Dispersion: What Is It and How Is It Important?
Dispersion, as it applies to audio, is the direction the sound radiates from a speaker.
The dispersion almost always varies with frequency. With mono-poles (most woofers and subwoofers), the deepest bass is omnidirectional: the sound radiates equally in all directions. As frequency increases, you need a smaller and smaller speaker to stay omni-directional. At 1 kHz, it takes about a 1.5” diameter speaker (including its enclosure) to be omnidirectional. At 20 kHz, the speaker, including its enclosure, needs to be less than 1/8 inch! This excludes the theoretical (but non-existent) pulsating sphere that could be any diameter if it could be made.
The first Bose speaker, the 2201 in 1966, attempted to simulate a pulsating sphere with many drivers nested into a corner where the wall reflections filled in the rest of the sphere. It was a sonic and commercial failure. The Ohm A, the first commercial speaker sold using Lincoln Walsh’s patented (filed in 1964) design closely simulated a pulsating sphere (or more like a donut). The center of the donut was placed about 42” above the floor and the sound radiated out equally in 360 degrees horizontally. Its vertical dispersion was restricted in the treble. This was a sonic success and influenced the design of almost all future Ohm products.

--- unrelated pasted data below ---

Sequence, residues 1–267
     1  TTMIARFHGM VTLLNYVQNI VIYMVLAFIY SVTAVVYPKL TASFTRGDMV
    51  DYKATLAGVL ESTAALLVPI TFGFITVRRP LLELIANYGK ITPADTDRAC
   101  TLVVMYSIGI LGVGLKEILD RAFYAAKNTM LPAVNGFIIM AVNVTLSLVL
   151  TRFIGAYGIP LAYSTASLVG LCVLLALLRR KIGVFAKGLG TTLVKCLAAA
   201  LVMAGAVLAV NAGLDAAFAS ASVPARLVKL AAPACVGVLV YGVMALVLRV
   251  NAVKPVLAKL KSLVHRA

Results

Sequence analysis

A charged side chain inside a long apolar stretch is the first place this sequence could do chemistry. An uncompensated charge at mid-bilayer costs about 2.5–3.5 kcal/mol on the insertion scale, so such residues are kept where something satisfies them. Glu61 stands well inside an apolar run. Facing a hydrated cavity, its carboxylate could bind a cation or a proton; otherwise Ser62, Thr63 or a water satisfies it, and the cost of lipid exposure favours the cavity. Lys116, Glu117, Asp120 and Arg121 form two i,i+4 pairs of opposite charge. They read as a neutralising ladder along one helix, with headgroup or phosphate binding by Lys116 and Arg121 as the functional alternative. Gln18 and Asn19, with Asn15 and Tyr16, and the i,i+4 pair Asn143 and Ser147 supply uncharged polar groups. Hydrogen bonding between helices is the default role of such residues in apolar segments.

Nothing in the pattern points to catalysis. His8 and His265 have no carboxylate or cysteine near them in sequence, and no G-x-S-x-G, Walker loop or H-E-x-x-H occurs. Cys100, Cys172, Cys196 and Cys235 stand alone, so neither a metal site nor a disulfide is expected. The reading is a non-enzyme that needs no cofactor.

Does that mean an omnidirectional dispersion pattern at all frequencies is best for music reproduction in a home? No! Even if the frequency response was perfectly flat and the dispersion was omnidirectional at all frequencies, the reflections of the room surfaces would add lots of interference and standing wave patterns throughout the room. This will both color the balance and obfuscate the imagining. These problems are minimized in very large rooms, with the speakers far from any walls. A slightly disturbing imaging effect does take place in this optimized position: the center image stays in front of every listener. Even if they move from the left speaker to the right, the center image moves with them. The restricted vertical dispersion in the Ohm A turned out to be a benefit, as it reduced the floor and ceiling reflections.
Ohm had fifteen years’ experience with omni-directional speakers with thousands in people’s homes before introducing the Walsh 2 with a controlled dispersion pattern (varying with frequency) to resolve this real-room conflict (and a few other problems). The dispersion pattern we use is necessary to achieve Full Room Stereotm . Even so, that benefit will not be present in the absence of a coherent wave front. But, coherence is another blog…
Enjoy & Good Listening!